Thoughts from the Director
The performing arts at Sarah Lawrence are set in the context of a very unique liberal arts program—one stressing independent, individual inquiry where teaching is not about handing down wisdom or theory and learning is not about the systematic memorization of facts. To be a composer or any other artist at the College requires that both teacher and student are open to discovering the deepest sense of self. As a teacher I am primarily interested in what makes up my students' imaginations. In order to advise them I need to know a lot about them as human beings—whatever they feel comfortable to reveal to me—everything from their musical preferences to how they like to have fun. And every student is different, and every student changes along the way. So the approach to teaching is different in each case, even during each individual conference. Some students need more formal approaches than others who might need to experiment with a certain freedom. Somehow in this process there is an extraordinary interchange between student and teacher that allows for understanding to occur, for music to be made.
—Chester Biscardi, Composer and Director of the Music Program
The following are some excerpts from the article, "Chester Biscardi Takes His Music on the Road," an interview with Mr. Biscardi by Lisa Wlodarski for Sarah Lawrence Magazine.
"Often for contemporary composers, and contemporary artists in general, you're always in the process of reinventing the whole art form. Everything is available: abstraction, consonance, dissonance and so on," Biscardi says. "I think that's really confusing to some students."
Perhaps his colleagues [at seminars he does across the country] also hope that a dose of the type of teaching Biscardi does at Sarah Lawrence will spur their students on to more creative experimentation with their many musical options.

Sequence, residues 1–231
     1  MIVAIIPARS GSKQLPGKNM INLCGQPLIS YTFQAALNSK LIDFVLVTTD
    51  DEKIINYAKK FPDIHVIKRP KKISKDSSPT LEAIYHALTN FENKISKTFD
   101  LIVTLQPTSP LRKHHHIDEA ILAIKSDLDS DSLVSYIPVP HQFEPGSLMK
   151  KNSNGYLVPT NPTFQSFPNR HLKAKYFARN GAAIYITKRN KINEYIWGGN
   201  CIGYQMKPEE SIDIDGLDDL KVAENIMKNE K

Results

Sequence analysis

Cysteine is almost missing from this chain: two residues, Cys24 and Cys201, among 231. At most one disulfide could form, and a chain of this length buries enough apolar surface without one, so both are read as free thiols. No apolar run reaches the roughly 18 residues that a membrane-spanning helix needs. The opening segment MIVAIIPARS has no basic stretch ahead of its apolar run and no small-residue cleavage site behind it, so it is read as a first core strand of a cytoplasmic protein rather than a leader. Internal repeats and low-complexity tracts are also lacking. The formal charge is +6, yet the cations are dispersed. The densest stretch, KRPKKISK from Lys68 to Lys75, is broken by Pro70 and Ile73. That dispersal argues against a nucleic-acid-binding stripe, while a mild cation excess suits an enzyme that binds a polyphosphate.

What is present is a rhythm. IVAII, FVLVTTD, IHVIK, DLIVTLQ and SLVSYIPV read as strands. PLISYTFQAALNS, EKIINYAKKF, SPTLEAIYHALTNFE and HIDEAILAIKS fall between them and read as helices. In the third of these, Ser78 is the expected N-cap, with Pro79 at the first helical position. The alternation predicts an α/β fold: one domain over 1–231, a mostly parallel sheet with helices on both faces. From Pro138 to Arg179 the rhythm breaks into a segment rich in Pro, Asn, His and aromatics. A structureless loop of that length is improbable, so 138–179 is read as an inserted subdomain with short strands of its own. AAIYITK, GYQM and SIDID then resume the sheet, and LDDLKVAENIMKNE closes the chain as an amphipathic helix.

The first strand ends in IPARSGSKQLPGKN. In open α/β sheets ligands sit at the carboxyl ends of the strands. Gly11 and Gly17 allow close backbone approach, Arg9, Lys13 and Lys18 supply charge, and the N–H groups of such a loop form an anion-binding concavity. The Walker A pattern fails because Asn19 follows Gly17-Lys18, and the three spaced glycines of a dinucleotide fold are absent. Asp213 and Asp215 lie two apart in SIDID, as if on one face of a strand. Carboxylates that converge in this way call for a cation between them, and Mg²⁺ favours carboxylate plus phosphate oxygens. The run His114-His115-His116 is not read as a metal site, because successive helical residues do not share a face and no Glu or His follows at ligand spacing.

"I'll go to these seminars, and the students have clearly done all of the technical study, but they are kind of shy about experimentation and being open about who they are as people," Biscardi says.
"They want to know exactly how you did it. They'll say, 'Where do your initial ideas come from?' I'll have different answers. The pitch, the rhythm of a piece depends on the way an idea evolves," he explains. "They'll ask, 'Why do you have the harmony there?' And I'll say, 'Because that was the right one.'"
Some students have a hard time with that, he says.
"Often they've been told that each note has to have a very specific place dictated by some sort of system, but not all music is written that way," he says. "A problem in the twentieth century is that the academy has produced a lot of people who write by the book."
Biscardi attributes this to a lack of consistent individual attention.
"When I do these seminars, I teach as if I'm teaching at Sarah Lawrence, and students always respond to it," he says. "When I teach composition, that is such an individual experience with each student. I'm trying to understand what kind of person she or he is, what kind of music he or she wants to write, and how to reveal that."
Biscardi says he returns from his travels to Sarah Lawrence grateful that he has the luxury here of working one-on-one with his composition students.
"Every time I go away and I teach a seminar, I come back feeling absolutely sure that I would not want to be teaching at any other place than Sarah Lawrence."